Kaleidozyklen is the first orchestral (or classical, if you will) work by bassist Simon H. Fell to be committed to CD. Premiered in Leeds on November 15, 2000, when this recording was made, it constitutes composition number 57 (for those keeping count) and is scored for improvising double bassist (Fell), clarinet (Rachel Cocks), piano (Paul Kosciecha), and orchestra (the LSTwo Ensemble). The latter is the contemporary music ensemble of the University of Leeds. It counts in its ranks students of various degrees and teachers. They deliver a strong performance, obviously open-minded when it comes to the composer's unusual ideas. The piece is based on a serial canvas. The 88 notes of the piano provide the series split over the five movements of the 71-minute work. Fell balances composition and improvisation, occasionally using the orchestra as a huge texture generator to back up the trio's improvisations. At other times the music is fully scored and blends influences from the late Romantics, Stravinsky, Varèse, and Berio. "Duration" uses the low and high-pitch extremes of the series, gently pulling the listener into an uncomfortable environment. The standout track is "Frequency," a complex piece in which the orchestra is split into six groups, each led by its own conductor to create xenochronous effects all the while following the general canvas of a rondo. "(In)articulation" stemmed from the "Adagietto" from Mahler's fifth symphony scanned by music-reading software running on a minimum accuracy setting. It creates an uneasy feeling of warped déjà vu. Kaleidozyklen is not without its overlong passages, but Fell struck on a few really good ideas and managed to coach orchestra and improvisers into a convincing meeting, turning this disc into quite an aural feast that doesn't stand that far from Fell's studio-based group music (like the Compilation series).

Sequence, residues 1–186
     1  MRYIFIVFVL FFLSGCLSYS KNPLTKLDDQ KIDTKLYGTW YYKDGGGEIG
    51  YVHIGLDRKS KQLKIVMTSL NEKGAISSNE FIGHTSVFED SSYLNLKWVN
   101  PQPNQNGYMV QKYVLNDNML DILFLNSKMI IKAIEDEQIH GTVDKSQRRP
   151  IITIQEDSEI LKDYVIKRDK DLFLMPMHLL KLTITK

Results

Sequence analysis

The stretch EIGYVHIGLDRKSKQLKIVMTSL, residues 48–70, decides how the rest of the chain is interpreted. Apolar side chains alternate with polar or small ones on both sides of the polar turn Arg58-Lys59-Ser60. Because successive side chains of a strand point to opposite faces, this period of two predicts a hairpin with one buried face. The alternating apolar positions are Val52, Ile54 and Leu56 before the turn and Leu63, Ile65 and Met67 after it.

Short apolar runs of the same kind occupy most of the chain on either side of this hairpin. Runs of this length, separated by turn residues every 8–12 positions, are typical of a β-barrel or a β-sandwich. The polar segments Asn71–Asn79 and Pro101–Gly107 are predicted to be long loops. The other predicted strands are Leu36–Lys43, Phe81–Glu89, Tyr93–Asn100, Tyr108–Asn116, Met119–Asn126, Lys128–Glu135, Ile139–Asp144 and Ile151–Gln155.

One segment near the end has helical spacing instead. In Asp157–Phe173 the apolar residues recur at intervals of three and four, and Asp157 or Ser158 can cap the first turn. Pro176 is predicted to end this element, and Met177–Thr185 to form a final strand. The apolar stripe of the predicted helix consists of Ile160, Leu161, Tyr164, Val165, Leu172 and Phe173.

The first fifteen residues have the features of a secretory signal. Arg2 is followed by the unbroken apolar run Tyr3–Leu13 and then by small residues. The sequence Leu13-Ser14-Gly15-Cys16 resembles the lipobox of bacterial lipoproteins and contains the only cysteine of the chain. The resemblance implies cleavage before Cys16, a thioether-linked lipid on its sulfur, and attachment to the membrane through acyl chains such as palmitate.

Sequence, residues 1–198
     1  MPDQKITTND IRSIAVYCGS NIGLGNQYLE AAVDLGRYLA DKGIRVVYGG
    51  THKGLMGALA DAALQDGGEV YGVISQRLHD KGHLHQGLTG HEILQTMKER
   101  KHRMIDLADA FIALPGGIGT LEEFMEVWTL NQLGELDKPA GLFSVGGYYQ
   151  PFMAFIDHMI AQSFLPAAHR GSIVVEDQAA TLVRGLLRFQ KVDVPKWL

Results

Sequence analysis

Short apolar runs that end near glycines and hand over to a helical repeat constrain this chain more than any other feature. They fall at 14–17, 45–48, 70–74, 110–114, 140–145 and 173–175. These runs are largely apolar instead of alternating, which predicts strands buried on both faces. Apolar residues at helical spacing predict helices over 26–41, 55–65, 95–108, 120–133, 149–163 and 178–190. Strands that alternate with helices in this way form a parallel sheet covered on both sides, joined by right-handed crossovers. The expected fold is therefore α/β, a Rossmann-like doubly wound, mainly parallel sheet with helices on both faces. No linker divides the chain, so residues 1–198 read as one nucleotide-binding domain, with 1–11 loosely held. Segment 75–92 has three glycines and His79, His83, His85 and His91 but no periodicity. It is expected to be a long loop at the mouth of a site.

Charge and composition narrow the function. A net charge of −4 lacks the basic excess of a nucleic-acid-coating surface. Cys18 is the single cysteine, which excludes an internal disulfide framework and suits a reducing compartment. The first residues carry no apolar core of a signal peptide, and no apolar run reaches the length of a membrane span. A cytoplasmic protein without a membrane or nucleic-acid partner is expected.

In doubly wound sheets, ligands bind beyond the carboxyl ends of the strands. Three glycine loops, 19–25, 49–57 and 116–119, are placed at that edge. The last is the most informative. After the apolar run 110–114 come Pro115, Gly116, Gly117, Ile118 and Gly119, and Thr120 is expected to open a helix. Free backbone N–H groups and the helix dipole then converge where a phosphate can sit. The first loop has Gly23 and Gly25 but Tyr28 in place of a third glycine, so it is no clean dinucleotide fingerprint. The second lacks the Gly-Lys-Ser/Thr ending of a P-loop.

AllMusic Review by François Couture
|Kaleidozyklen, Composition No. 57 for improvising double bassist, clarinet, piano & orchestra|